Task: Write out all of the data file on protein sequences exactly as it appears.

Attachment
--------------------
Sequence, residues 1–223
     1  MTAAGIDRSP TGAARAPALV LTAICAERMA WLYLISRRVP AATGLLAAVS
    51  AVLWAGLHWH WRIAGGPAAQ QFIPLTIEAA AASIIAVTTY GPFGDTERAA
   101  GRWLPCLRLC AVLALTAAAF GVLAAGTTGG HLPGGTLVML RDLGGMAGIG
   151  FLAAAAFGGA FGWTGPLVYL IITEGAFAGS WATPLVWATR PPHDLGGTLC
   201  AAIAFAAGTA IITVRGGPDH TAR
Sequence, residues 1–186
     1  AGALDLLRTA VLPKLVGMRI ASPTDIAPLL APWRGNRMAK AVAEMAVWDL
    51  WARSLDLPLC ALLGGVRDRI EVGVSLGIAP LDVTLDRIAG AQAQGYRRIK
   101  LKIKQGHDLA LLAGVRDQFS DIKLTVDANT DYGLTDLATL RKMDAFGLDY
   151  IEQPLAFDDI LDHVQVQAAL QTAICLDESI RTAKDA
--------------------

Sequence, residues 1–223
     1  MTAAGIDRSP TGAARAPALV LTAICAERMA WLYLISRRVP AATGLLAAVS
    51  AVLWAGLHWH WRIAGGPAAQ QFIPLTIEAA AASIIAVTTY GPFGDTERAA
   101  GRWLPCLRLC AVLALTAAAF GVLAAGTTGG HLPGGTLVML RDLGGMAGIG
   151  FLAAAAFGGA FGWTGPLVYL IITEGAFAGS WATPLVWATR PPHDLGGTLC
   201  AAIAFAAGTA IITVRGGPDH TAR
Sequence, residues 1–186
     1  AGALDLLRTA VLPKLVGMRI ASPTDIAPLL APWRGNRMAK AVAEMAVWDL
    51  WARSLDLPLC ALLGGVRDRI EVGVSLGIAP LDVTLDRIAG AQAQGYRRIK
   101  LKIKQGHDLA LLAGVRDQFS DIKLTVDANT DYGLTDLATL RKMDAFGLDY
   151  IEQPLAFDDI LDHVQVQAAL QTAICLDESI RTAKDA